As always, these days start early. We were dropped off on Santa Cruz at about 08:30, where we hopped in a bus for a drive into the highlands. There, we would have a chance to see giant tortoises in the wild.
It was muddy up there, very different from other islands we’d been on, so we were issued rubber boots to walk in. Now I understood why they’d recommended that we bring socks, which I hadn’t!
We took a short walk through the forest with our guide, who explained about these tortoises and the ones in the breeding center, as well as pointing out the various birds along our route.
Giant tortoises look, if they’re not moving, a lot like boulders. We almost ran right into this lady while she was snacking. It’s hard for me to tell the difference between the males and females. Males are larger and have concave lower shelves, for mating with the females.
We also had a chance to try on a male shell while learning interesting things about tortoises. Lifting them is more awkward than anything else, since our joints don’t bend at the correct places.
We watched this guy swim across a pond. In the first 2 pictures I took, his head was submerged, which made him look very much like the turtle island/ wise one from the Neverending Story.
The black shininess of the shell is due to a covering like our fingernails, which falls off when they die. That is why the shell we tried on was white. It was only bone.
After seeing some tortoises, we took a very short walk into a lava tube. Lava tubes are pretty similar everywhere, and we’ve been in lava tubes near Mt. St. Helen and on Iceland. We were only able to walk about 100-200 meters into this one due to a pond. It was much taller than other tubes I’ve been in.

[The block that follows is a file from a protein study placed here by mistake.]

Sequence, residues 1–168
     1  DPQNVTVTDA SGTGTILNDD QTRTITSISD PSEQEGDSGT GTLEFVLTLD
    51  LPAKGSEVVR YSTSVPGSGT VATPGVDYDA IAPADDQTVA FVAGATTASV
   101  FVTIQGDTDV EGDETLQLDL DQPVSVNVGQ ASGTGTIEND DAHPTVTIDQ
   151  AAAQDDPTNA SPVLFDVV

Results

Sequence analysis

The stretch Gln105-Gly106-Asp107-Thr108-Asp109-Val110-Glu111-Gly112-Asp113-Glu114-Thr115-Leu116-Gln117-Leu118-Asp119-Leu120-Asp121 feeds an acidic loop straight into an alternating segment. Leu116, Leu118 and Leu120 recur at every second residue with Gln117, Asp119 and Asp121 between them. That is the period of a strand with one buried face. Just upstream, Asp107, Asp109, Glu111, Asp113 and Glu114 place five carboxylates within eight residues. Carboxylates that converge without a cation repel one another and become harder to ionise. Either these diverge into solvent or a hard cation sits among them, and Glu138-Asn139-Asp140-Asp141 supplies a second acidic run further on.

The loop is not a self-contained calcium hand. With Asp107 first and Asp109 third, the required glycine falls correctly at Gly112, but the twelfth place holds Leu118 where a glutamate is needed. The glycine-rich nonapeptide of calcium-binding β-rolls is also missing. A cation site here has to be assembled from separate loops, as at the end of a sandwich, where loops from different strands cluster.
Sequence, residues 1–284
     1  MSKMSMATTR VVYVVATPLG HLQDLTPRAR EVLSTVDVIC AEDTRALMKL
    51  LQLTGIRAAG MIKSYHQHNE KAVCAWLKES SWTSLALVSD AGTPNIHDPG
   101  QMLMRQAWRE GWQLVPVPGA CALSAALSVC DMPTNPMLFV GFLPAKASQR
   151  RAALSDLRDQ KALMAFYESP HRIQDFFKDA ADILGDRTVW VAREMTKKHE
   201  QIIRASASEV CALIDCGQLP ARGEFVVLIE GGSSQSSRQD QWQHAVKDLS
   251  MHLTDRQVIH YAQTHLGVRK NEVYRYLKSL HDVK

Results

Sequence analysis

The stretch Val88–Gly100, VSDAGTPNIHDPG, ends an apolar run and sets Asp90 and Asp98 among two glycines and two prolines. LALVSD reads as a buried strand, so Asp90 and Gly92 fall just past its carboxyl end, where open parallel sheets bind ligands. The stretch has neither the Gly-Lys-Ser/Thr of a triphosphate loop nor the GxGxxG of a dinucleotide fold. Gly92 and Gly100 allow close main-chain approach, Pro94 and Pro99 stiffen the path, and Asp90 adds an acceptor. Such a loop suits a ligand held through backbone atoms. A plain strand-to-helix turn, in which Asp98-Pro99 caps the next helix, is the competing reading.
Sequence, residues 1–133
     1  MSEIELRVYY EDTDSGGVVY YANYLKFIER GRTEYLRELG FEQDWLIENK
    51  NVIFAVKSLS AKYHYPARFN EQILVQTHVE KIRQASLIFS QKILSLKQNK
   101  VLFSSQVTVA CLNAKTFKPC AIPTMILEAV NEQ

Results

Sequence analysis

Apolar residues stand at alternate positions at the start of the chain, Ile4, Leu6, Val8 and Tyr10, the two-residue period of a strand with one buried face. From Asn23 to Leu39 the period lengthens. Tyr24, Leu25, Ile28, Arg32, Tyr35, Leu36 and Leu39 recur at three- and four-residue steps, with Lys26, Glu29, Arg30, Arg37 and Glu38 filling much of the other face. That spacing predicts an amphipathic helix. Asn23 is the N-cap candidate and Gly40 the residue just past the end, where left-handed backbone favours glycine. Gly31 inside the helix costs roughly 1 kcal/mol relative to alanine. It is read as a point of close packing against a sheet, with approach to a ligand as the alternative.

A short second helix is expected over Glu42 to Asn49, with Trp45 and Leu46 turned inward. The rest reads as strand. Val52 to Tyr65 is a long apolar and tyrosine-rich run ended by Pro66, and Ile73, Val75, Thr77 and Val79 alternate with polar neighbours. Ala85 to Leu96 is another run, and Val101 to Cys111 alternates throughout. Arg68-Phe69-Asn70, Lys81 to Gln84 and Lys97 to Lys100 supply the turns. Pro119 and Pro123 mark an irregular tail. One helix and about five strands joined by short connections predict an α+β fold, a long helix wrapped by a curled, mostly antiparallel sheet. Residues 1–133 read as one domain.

And then it was lunch. After lunch, we rested in hammocks and chatted or napped. Some people played soccer. Obviously, we were not among the lunatics!
Eventually it was time for a short downhill bike ride to the beach, which was fun but almost uneventful. One of the little girls crashed and burned on one of the steeper slopes.
Leaving the bikes at the entrance to the beach, we continued on foot.
It was a lovely beach, and nice cooling off in the water. We swam and kayaked. Matt and I were almost the last people back from kayaking, except for Wayne and the Peruvian guy, who had been chasing sharks in solo kayaks out towards open water last we’d seen them.
Just before leaving, we saw a pink flamingo. Flamingoes, it turns out, do not start out pink. Their diet means they consume a lot of carotene, which colors them pink over time! I didn’t know!
Wayne joined us just in time for the bus back to the panga back to the boat. I had a good look at the pier there, at Puerta Ayora, since that’s where we’ll be for the 2 days after our cruise finishes.
Before dinner we had a next-day briefing with our guides. At dinner, our dining companions from the Frigates group (we are Boobies) told us that they’d heard that we could extend our cruise 4 more days. The extension would take us to the northern islands and therefore we’d see penguins! Because they are trying to fill their occupancy, it would only cost $600 more (which is very much worth it). Very tempting! However, if we did that, we wouldn’t be able to see the market in Otavalo, which was where we were hoping to pick up any souvenirs. Still, it’s just a market. We’re going to have some serious thinking about it overnight.
Dinner was followed by a band playing Ecuadorian music for us to dance to, but a group of us went up top to star-gaze and chat.
Matt hadn’t joined, so after a while I went looking for him. He was helping Roger, a very interesting older guy from Colorado, pick out his next tablet. Roger bought me a glass of wine, but I pooped out without finishing it, and went to bed.
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